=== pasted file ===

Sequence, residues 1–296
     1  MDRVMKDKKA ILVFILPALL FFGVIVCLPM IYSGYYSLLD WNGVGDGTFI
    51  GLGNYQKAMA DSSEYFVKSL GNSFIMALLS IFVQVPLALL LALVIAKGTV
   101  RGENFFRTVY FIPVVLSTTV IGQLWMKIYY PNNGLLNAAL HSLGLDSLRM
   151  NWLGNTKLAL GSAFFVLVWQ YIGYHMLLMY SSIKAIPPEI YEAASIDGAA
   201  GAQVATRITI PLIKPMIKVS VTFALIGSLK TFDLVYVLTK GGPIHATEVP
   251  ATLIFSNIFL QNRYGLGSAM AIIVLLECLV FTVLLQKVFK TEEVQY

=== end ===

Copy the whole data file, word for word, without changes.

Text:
Sequence, residues 1–296
     1  MDRVMKDKKA ILVFILPALL FFGVIVCLPM IYSGYYSLLD WNGVGDGTFI
    51  GLGNYQKAMA DSSEYFVKSL GNSFIMALLS IFVQVPLALL LALVIAKGTV
   101  RGENFFRTVY FIPVVLSTTV IGQLWMKIYY PNNGLLNAAL HSLGLDSLRM
   151  NWLGNTKLAL GSAFFVLVWQ YIGYHMLLMY SSIKAIPPEI YEAASIDGAA
   201  GAQVATRITI PLIKPMIKVS VTFALIGSLK TFDLVYVLTK GGPIHATEVP
   251  ATLIFSNIFL QNRYGLGSAM AIIVLLECLV FTVLLQKVFK TEEVQY